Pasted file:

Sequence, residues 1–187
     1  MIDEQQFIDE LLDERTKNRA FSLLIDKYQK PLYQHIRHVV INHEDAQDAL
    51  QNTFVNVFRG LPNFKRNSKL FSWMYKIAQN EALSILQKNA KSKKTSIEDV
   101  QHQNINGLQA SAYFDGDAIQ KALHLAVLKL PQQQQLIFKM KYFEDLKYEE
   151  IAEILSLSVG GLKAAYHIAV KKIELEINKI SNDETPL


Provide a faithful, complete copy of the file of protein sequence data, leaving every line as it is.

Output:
Sequence, residues 1–187
     1  MIDEQQFIDE LLDERTKNRA FSLLIDKYQK PLYQHIRHVV INHEDAQDAL
    51  QNTFVNVFRG LPNFKRNSKL FSWMYKIAQN EALSILQKNA KSKKTSIEDV
   101  QHQNINGLQA SAYFDGDAIQ KALHLAVLKL PQQQQLIFKM KYFEDLKYEE
   151  IAEILSLSVG GLKAAYHIAV KKIELEINKI SNDETPL